HOBOKEN, N.J. (AP) — For utility crews racing to restore power to residents of this waterfront city that have been sitting in the dark for a week, the task is both mundane and monumental: Clean a bunch of gunk off electrical equipment with rags and cleaning spray.
That's the way it has been across the Northeast, as crews clean, replace and fix the equipment needed to get the lights back on for millions of customers who lost power when Superstorm Sandy blew through.
In Hoboken, the salty, filthy floodwater of the Hudson River swamped a substation that relays power to 10,000 homes and businesses. It worked its way into switches and in between wires. It washed over the hunks of copper and silver capable of handling 26,000 volts of electricity. It fouled everything below a perfectly straight line of dirt on all the boxes of circuit breakers and transformers on site that marked the crest of the flood.
"It's getting the crud off," said Mike Fox, a Public Service Electric and Gas Co. engineer who was supervising the company's substation restoration. "It's nothing earth shaking, but it's a lot of stuff."
Sixty-seven thousand utility workers in the Northeast are working day and night on tasks they are familiar with: putting up telephone poles, stringing wire and replacing transformers. But Sandy's storm surge added another dimension by attacking the utilities' internal equipment. Switching stations, substations and underground electrical networks were inundated in Manhattan, Brooklyn, Hoboken and elsewhere.
But it's the sheer volume of work that is making the power outages last so long for some. At the peak, 8.5 million homes and businesses were without power. A week after the storm walloped the Northeast, 1.4 million customers remained in the dark, mostly in New York and New Jersey. Getting the power back on for all of them will take at least another week.
Frustration is turning to anger and despair. The air in the region has a winter chill and another storm is approaching. Some without power see neighbors with twinkling chandeliers even as they still use candles.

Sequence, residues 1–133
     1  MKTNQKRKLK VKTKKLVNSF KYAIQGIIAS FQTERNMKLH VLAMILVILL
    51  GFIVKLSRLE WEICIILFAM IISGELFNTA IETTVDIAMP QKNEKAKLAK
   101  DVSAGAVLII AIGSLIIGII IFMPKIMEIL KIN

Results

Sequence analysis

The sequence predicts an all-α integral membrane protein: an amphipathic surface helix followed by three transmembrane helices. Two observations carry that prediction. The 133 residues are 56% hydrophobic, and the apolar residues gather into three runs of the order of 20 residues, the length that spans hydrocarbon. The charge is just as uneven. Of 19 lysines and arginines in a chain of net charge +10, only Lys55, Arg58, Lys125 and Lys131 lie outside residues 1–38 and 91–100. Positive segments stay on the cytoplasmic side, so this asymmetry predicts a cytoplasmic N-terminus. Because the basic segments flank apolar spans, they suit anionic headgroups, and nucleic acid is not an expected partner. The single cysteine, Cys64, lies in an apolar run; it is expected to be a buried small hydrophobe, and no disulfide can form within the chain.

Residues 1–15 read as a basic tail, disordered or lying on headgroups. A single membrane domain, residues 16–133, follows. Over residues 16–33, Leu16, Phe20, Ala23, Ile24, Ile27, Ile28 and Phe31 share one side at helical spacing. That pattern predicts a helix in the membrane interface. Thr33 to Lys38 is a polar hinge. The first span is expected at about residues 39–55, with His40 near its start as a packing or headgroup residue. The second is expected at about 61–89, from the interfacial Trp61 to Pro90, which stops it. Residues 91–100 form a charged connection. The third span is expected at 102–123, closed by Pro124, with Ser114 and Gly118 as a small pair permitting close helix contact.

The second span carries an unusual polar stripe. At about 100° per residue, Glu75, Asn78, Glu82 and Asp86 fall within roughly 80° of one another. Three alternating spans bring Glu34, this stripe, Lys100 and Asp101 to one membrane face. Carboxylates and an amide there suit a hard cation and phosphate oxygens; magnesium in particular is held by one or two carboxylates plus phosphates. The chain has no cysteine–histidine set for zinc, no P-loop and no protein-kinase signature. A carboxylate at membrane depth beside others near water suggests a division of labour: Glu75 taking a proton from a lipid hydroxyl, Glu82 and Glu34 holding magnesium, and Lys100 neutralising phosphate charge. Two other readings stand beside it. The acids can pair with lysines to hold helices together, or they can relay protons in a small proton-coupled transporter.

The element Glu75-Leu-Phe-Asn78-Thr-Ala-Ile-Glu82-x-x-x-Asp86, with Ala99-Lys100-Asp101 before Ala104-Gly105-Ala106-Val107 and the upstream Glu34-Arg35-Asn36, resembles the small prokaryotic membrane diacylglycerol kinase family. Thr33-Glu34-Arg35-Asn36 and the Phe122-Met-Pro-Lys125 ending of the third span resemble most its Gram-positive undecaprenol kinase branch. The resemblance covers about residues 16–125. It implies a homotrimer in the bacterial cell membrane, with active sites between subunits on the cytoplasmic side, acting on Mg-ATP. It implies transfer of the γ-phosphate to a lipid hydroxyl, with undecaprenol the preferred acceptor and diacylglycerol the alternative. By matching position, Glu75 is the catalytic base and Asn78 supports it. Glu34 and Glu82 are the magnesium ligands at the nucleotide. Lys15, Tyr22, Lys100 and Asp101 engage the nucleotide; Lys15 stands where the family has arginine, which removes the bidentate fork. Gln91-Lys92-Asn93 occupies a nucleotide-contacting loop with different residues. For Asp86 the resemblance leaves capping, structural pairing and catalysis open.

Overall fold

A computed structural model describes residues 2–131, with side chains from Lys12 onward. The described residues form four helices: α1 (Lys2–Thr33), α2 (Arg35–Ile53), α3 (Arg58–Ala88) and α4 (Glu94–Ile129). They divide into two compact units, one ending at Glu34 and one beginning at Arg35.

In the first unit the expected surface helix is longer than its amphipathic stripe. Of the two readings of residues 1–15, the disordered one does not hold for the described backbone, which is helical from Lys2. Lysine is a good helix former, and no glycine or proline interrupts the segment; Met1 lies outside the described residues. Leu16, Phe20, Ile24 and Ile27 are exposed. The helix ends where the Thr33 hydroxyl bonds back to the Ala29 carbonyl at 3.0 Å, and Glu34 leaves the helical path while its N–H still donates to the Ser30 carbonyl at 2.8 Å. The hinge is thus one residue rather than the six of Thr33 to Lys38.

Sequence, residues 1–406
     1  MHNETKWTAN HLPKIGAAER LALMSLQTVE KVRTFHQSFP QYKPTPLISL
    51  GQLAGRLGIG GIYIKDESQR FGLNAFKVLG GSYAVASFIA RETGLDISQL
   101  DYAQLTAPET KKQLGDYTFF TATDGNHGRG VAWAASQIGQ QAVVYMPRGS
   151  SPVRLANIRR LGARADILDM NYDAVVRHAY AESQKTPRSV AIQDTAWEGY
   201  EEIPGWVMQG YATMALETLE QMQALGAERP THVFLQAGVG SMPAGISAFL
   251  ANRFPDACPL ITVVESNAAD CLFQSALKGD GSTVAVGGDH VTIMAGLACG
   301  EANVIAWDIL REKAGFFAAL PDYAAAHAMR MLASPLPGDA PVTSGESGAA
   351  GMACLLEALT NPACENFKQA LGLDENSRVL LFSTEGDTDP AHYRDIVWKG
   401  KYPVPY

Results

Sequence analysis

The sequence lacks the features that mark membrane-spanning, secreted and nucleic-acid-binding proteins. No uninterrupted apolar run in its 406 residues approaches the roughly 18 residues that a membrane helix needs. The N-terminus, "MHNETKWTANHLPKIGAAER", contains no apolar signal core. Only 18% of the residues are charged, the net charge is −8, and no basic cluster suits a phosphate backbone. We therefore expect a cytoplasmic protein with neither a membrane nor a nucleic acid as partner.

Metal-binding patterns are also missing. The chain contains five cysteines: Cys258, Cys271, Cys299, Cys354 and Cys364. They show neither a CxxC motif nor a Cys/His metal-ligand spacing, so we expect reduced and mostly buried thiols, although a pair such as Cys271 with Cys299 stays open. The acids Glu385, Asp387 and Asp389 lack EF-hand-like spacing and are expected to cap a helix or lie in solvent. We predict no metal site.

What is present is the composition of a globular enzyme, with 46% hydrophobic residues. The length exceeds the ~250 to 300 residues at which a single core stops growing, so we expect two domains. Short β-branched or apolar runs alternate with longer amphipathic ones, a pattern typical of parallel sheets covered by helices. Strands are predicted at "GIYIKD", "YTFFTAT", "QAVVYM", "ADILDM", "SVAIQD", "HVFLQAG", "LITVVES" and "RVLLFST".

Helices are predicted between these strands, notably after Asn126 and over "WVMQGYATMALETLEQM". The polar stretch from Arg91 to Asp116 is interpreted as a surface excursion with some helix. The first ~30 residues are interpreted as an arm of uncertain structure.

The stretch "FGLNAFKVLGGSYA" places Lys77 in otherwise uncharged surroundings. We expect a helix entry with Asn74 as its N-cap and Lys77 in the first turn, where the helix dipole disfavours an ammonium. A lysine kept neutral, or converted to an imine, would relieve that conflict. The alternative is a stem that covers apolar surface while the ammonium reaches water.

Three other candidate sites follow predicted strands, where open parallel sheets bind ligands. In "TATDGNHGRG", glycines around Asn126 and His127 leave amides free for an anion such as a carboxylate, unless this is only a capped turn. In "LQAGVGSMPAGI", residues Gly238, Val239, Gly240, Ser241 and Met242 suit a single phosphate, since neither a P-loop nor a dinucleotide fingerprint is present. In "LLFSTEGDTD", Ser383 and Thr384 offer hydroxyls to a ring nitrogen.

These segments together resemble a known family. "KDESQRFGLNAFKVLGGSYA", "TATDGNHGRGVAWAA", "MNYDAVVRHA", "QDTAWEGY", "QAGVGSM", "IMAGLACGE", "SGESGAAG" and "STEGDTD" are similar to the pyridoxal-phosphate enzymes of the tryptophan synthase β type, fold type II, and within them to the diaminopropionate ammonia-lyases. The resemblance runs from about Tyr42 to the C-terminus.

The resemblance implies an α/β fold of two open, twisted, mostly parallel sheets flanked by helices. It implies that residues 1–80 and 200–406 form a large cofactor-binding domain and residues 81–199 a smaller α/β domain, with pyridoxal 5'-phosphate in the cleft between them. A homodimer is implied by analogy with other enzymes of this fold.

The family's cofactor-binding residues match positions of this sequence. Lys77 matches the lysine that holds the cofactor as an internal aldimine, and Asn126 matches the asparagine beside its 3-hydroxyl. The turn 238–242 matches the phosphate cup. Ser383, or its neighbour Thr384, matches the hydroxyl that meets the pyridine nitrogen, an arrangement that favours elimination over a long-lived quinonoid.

Fox gets it. He has been taking cold showers and using a flashlight to shave every morning before setting out from his house in Westfield, N.J. to the substations that need repair. On Sunday his neighbors started an email exchange suggesting they complain to PSE&G in hopes of getting service back quicker.
"I had to head them off at the pass, and explain why it can take so long," he said. "Every day people get a little more strained and stressed. I'd be losing patience too if I had time to."
Local workers have plenty of help: Utility crews from as far away as the West Coast started streaming toward the Northeast in their bucket trucks even before the storm hit. But feeding, housing and outfitting thousands of out-of-state workers has its own challenges.
Utilities have agreements with local hotels to house workers, but as the extent of the damage became apparent, and homeowners abandoned their powerless homes for hotel rooms, a housing crunch developed.
A crew from Duke Energy that specializes in underground electricity transmission based in Cincinnati arrived in New York on Wednesday to help Consolidated Edison restore power to lower Manhattan. Getting a hotel in New York was even tougher than advertised.
The crew was first sent to a Girl Scout Camp near Rye, N.Y. After that was the Marriot Marquis in Times Square. But instead of getting a room they were asked to "hot bed," military style: they'd get a bed for 8 hours before they had to pack up and leave. Next stop: The Hudson River. They were put on a dinner cruise boat called the Hornblower Infinity docked at Pier 41 that had rows of cots where tables and chairs once sat.
Finally, on Saturday, they were moved — for good it seems — to the Hudson Hotel, a boutique luxury hotel on 58th Street. Not a bad upgrade.
For the workers on loan to PSE&G, the day starts at 6 a.m. when busses take them from their hotels to staging areas like the one in the gigantic parking lot at the Garden State Plaza, in Paramus, NJ.